Facts About Sexual Harassment

Unwelcome sexual advances, requests for sexual favors, and other verbal or physical conduct of a sexual nature constitutes sexual harassment when submission to or rejection of this conduct explicitly or implicitly affects an individual's employment, unreasonably interferes with an individual's work performance or creates an intimidating, hostile or offensive work environment.
Sexual harassment can occur in a variety of circumstances, including but not limited to the following:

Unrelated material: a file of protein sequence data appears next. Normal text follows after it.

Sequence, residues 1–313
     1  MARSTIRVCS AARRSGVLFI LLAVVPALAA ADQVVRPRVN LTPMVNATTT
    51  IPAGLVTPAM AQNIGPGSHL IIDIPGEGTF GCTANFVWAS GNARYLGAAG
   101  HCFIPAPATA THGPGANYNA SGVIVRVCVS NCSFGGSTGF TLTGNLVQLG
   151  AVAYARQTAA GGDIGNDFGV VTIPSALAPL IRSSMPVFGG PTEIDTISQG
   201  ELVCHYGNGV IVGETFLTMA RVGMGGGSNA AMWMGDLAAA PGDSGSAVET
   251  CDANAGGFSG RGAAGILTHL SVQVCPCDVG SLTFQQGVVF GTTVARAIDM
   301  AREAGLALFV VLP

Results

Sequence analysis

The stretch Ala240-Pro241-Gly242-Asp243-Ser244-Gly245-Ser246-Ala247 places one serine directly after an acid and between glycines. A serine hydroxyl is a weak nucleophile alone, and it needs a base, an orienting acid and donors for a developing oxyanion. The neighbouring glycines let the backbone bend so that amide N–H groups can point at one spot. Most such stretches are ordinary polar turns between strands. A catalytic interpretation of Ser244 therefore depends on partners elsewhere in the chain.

The victim as well as the harasser may be a woman or a man. The victim does not have to be of the opposite sex.

The harasser can be the victim's supervisor, an agent of the employer, a supervisor in another area, a co-worker, or a non-employee. The victim does not have to be the person harassed but could be anyone affected by the offensive conduct.

Unlawful sexual harassment may occur without economic injury to or discharge of the victim.

The harasser's conduct must be unwelcome.

It is helpful for the victim to directly inform the harasser that the conduct is unwelcome and must stop. The victim should use any employer complaint mechanism or grievance system available.